Network for Economic and Social Trends

About NEST: Western Social Science Research and Policy

Modern societies are experiencing unprecedented social and economic changes, including a slowdown in economic growth, rising inequality, and increasing ethnic diversity and geographic mobility.

NEST, a research and policy alliance in the Faculty of Social Science at Western University, that addresses these challenges by conducting world-class multidisciplinary research, fostering national and international collaborations, and facilitating the training of the next generation of leaders in academia, the private and non-profit sectors, and government.

NEST is the umbrella organization for all eight Western Research Centres in the Faculty of Social Science which set its agenda and provide its governance.  NEST also aims to train the next generation of policy researchers through mentorships, fellowships, and the MA in Research for Policy and Evaluation.

News & Announcements

Canada’s top researchers in social sciences and humanities recognized with prestigious national awards | December 2022
Semra Sevi, NEST Junior Fellow of Western University, is recognized with the Talent Award for her research focusing on voting behaviour, political representation, public opinion, legislative policies, partisanship and political methodology. The Talent Award recognizes the outstanding academic achievement of a current SSHRC doctoral scholarship or postdoctoral fellowship holder.

The government seeks that almost 1.5 million foreigners integrate into the territory:
Contrary to the current approach of several countries, Canada is determined to attract migrants | November 2022

Article

Minister of Immigration, Refugees and Citizenship Canada presents at the Pathways to Prosperity National Conference, led by NEST Director Victoria Esses | November 2022

Discrimination can make smaller communities unappealing to immigrants, racialized and Indigenous people | June 2022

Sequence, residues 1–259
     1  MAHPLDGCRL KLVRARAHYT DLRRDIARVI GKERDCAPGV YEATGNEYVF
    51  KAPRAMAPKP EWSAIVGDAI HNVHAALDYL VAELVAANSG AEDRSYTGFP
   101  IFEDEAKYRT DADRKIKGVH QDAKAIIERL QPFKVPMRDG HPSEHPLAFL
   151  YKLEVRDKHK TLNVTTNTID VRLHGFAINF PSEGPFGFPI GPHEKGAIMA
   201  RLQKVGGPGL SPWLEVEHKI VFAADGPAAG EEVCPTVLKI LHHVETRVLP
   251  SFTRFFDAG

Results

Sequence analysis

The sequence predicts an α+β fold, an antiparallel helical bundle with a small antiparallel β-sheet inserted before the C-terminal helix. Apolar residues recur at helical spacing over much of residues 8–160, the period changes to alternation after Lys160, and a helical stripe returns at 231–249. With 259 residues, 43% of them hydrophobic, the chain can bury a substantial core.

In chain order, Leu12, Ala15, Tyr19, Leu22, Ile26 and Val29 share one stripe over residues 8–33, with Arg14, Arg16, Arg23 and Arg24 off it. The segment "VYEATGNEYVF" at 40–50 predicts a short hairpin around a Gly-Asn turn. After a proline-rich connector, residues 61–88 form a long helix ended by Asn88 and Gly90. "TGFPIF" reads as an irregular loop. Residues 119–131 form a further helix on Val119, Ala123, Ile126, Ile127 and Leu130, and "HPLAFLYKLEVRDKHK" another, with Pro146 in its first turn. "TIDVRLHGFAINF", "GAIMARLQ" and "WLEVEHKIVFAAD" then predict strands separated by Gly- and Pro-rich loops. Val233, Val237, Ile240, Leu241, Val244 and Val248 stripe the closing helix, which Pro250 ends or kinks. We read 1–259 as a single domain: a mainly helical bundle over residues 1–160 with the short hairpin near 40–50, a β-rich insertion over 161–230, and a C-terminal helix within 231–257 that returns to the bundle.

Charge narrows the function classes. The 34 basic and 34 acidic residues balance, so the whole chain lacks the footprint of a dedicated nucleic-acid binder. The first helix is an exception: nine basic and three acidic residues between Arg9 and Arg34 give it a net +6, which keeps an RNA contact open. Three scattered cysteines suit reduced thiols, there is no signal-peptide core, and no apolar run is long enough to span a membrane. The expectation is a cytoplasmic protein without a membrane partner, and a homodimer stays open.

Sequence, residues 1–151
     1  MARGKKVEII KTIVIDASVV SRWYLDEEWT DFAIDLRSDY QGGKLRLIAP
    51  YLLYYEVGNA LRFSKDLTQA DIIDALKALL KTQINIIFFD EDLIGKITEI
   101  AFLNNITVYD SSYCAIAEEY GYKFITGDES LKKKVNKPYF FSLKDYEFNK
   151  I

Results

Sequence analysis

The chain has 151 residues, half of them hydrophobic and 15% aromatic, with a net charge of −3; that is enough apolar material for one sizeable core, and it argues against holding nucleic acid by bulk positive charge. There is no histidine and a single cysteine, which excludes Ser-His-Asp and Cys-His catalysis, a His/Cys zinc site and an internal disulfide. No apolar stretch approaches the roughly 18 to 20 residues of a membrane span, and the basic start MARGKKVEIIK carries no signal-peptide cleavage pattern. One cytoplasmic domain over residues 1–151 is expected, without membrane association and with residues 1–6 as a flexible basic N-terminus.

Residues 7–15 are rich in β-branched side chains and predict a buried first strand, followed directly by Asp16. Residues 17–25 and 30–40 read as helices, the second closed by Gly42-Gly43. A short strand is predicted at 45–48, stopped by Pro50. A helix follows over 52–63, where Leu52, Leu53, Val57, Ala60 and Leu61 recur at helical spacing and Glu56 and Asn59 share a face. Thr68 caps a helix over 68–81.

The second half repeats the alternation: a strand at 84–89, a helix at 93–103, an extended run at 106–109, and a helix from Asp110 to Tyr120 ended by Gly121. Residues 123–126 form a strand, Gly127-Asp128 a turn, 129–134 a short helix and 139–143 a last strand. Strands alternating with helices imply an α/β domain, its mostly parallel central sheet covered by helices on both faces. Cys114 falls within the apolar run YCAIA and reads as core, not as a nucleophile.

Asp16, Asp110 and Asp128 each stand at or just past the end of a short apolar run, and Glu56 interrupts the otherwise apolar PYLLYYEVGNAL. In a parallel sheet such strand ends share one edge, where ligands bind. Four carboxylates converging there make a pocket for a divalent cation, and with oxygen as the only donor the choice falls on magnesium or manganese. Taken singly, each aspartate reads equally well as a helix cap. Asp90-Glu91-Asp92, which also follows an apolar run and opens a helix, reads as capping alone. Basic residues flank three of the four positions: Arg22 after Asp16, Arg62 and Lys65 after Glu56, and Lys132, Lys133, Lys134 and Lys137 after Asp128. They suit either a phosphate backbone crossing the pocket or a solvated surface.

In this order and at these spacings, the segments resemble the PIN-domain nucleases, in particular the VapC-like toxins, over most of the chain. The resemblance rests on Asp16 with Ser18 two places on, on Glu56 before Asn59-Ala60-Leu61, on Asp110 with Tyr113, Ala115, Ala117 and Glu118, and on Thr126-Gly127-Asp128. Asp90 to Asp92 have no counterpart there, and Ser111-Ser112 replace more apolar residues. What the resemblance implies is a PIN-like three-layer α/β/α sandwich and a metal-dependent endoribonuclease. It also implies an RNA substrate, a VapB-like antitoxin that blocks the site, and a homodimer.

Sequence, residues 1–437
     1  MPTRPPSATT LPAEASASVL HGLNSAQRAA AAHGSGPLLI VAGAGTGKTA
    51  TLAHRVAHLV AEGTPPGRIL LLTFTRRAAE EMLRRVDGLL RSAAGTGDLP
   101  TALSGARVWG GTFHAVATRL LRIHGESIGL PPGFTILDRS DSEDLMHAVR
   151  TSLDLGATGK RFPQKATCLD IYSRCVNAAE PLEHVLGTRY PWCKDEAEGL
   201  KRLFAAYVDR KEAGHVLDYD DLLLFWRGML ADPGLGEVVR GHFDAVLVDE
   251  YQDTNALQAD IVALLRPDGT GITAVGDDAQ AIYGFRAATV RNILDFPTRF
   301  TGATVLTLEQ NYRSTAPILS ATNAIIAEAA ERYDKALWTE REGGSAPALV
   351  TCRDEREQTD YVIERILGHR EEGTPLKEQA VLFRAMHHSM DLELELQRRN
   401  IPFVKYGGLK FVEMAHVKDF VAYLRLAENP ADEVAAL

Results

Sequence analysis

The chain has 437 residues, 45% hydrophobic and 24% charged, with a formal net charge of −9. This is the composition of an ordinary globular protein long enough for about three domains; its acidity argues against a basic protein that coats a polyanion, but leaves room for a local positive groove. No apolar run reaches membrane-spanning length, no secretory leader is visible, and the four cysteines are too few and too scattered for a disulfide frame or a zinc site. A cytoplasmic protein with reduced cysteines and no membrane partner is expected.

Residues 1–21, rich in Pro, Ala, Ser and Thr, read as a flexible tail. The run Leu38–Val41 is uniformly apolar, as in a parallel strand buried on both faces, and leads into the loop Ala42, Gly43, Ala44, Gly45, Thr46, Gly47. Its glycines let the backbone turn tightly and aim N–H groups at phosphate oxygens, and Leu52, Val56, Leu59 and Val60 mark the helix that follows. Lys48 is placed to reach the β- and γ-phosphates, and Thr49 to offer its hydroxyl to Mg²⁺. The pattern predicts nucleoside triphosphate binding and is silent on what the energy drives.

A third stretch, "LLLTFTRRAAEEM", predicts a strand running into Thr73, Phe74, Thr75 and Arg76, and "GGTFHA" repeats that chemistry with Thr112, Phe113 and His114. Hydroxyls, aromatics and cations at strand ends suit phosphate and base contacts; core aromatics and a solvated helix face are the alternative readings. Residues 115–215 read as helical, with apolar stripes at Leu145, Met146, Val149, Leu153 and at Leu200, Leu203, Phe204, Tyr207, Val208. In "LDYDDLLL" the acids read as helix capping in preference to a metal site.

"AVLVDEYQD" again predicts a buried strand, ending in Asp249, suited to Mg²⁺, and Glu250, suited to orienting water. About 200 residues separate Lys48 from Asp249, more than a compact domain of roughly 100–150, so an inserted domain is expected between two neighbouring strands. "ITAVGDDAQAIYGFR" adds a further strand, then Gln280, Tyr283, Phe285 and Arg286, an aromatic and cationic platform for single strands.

The populations of smaller communities in Canada have been shrinking because of low birth rates, youth and working professionals moving away and a failure to attract and retain new residents. Read More

Urban Centre will host the Money and Local Democracy Project | June 2022                           
The Centre for Urban Policy and Local Governance will host the Money and Local Democracy Project / Projet sur l’argent et la democratie locale, a five-year project investigating municipal campaign finance regulation and local election campaigning. Funded by a SSHRC Insight Grant following pilot work funded by Western Faculty of Social Science research seed grants, the project is led by Western Political Science Professors Zack Taylor and Martin Horak; Sandra Breux at l’Institut national de la recherche scientifique, Montréal; and Kristin Good at Dalhousie University. This mixed-methods project will entail the largest survey of election candidates ever conducted in Canada – over 4,000 candidates in 183 municipalities in all 10 provinces, which are home to four out of five Canadians – as well as analysis of candidates’ campaign finance disclosures over three election cycles and in-depth interviews with former candidates and campaign managers. The project will contribute new insights, both nationally and internationally, into whether differently configured campaign finance regimes create more competitive elections, how local candidates campaign, and enduring questions regarding the influence of money in politics.

How rural Canada can attract and retain international health-care providers: Address discrimination, provide support | May 2022                           
Smaller communities in Canada, particularly those located in rural areas, find it difficult to attract and especially retain health-care professionals, leading to poorer health outcomes. Read More

 

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